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Tag: NFL (1-10 of 15)

Conan O'Brien tackles Deflategate and Bill Cosby in one joke

Conan O’Brien poked fun at the New England Patriots on Thursday night following what football fans are calling “Deflategate.”— and in the middle of the managed, he managed to throw in a serious jab at Bill Cosby.


Jon Stewart offers advice to the NFL on 'The Daily Show'

While television ratings for the NFL have been promising to kick off the season, the league has been under fire for its leniency toward players who have committed acts of violence off the field. Jon Stewart blasted the league on Wednesday night’s The Daily Show.


NFL players read personal Twitter insults in 'Mean Tweets' on 'Kimmel'

Julia Roberts has done it. NBA players have done it. Now its time for some NFL players to get their share of the Internet’s vitriol.

Jimmy Kimmel brought in a gaggle of current and retired football players (and one Erin Andrews) Thursday night for a special NFL edition of “Mean Tweets,” just in time for the regular season to commence. From Michael Strahan’s infamous tooth gap to DeSean Jackson’s penchant for affordable mall-style clothing, Twitter does not leave any possible insult hanging. Below, watch Terrell Owens get called a piece of donkey excrement (in slightly less euphemistic terms) and more. READ FULL STORY

Zynga's 'NFL Showdown' brings football season to phones year-round

Tonight marks the start of the NFL season, and if you’re a fan, it’s been a long wait. But what if football season never had to end?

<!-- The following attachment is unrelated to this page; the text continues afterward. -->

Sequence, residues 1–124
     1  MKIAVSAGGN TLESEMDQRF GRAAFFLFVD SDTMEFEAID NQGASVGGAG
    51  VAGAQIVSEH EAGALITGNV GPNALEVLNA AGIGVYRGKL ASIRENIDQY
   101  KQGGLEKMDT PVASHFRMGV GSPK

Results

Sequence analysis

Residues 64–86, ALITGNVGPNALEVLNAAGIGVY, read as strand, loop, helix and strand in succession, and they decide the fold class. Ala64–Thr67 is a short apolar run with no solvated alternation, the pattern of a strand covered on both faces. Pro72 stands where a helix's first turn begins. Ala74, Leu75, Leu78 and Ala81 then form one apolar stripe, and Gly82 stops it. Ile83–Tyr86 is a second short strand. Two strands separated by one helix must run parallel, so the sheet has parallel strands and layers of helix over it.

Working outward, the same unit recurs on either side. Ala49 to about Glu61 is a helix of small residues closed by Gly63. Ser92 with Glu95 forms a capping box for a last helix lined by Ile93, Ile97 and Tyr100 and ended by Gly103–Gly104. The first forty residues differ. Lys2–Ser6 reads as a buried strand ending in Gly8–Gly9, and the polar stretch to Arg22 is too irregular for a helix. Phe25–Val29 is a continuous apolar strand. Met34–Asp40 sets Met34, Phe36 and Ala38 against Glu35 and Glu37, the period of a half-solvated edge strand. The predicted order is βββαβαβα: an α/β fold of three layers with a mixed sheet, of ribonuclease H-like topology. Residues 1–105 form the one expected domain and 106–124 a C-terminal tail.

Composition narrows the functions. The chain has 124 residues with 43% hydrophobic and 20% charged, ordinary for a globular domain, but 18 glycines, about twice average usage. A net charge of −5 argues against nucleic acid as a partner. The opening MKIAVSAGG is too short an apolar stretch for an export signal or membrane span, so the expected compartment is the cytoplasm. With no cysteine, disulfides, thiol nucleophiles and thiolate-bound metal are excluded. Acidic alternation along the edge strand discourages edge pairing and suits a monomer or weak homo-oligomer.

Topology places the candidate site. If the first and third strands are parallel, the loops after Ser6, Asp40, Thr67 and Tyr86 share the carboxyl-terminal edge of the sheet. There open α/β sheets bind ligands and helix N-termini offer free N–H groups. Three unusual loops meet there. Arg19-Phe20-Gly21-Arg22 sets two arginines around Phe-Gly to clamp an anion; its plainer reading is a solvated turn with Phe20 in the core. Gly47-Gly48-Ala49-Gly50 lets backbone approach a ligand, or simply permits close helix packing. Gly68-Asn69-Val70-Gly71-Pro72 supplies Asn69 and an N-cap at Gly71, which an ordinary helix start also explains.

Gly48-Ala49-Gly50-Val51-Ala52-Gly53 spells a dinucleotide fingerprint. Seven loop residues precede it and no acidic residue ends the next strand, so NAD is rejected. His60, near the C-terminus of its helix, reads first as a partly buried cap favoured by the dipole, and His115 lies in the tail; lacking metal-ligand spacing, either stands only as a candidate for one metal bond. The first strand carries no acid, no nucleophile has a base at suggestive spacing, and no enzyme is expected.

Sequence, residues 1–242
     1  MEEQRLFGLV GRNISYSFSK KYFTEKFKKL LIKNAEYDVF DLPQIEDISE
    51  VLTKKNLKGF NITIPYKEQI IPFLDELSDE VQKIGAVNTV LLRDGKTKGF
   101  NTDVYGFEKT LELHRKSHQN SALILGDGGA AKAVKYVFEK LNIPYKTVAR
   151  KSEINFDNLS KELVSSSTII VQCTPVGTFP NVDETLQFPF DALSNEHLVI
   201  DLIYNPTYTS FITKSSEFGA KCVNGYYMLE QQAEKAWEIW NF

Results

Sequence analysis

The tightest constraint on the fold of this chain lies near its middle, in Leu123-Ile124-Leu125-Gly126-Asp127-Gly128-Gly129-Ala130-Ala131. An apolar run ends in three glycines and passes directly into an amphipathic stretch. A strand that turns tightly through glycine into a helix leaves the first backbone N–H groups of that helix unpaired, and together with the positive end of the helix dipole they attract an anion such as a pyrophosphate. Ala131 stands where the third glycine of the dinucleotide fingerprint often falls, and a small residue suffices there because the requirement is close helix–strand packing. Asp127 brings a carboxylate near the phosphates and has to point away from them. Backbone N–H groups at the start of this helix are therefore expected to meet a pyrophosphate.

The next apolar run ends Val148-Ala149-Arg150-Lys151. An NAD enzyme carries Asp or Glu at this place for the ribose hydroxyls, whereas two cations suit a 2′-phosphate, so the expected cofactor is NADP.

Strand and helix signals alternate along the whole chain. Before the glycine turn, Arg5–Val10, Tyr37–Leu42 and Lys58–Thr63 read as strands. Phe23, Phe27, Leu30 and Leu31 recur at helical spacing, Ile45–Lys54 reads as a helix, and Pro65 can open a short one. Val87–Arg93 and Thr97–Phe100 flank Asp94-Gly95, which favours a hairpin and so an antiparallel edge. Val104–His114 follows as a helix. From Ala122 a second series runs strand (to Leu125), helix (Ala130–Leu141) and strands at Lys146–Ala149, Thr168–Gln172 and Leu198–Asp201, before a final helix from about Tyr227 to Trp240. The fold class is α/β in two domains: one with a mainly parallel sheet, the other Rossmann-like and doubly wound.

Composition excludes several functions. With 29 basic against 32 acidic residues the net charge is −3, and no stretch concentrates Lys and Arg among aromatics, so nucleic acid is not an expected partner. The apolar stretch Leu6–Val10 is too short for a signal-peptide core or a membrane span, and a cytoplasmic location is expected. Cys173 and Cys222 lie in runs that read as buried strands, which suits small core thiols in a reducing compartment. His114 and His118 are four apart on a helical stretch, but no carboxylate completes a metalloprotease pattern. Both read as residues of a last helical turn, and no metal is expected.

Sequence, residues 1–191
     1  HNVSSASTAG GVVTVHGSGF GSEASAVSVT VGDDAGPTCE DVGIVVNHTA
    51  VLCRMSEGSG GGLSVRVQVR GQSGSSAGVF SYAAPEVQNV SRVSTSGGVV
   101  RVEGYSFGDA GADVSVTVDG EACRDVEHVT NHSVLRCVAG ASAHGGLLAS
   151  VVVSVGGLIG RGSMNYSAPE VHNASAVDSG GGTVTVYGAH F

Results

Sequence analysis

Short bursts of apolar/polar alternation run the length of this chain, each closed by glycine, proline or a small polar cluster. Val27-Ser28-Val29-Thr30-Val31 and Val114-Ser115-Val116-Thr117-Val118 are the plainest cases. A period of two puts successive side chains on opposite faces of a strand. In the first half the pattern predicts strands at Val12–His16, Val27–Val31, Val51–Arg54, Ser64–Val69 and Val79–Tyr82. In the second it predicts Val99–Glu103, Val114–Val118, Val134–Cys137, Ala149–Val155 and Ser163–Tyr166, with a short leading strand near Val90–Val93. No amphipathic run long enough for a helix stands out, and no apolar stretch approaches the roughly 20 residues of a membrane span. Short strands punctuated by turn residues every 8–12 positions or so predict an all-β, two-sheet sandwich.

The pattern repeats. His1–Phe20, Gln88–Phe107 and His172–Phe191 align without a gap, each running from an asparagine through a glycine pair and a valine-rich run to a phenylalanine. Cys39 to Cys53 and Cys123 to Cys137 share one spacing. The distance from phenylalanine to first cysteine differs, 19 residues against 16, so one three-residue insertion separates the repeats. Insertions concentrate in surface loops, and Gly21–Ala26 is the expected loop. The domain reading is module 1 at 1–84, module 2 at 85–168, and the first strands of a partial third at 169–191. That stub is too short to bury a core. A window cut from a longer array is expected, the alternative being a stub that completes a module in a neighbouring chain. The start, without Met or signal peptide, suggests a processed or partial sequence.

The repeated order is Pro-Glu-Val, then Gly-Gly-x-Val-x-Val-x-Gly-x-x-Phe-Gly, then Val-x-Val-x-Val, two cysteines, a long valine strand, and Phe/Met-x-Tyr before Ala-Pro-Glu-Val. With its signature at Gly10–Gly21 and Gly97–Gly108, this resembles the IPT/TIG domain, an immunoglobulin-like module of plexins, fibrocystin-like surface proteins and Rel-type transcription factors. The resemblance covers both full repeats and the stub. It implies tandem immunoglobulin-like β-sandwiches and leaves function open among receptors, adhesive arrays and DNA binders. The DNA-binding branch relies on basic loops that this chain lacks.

Out Thursday for iOS and Android, NFL Showdown is a new mobile game from social gaming company Zynga—a name you might be familiar with if you’ve ever devoted a large chunk of Facebook time to playing Farmville. It’s the studio’s first step in a new sports gaming initiative called Zynga Sports 365, and it doubles as the start of a potential comeback for the beleaguered company.


According to Mike Taramykin, Vice President of Zynga Sports 365, and Jason Shenkman, General Manager of NFL Showdown, the reason professional sports don’t dominate mobile gaming the way they do other forms of media isn’t because people aren’t trying. It’s because for the most part, mobile sports games have functioned as pared-down versions of an experience that’s available elsewhere—on gaming consoles, for example. NFL Showdown, then, is an entirely different approach—one that’s not necessarily predicated on the desire to play a football video game, but rather a general interest in the sport.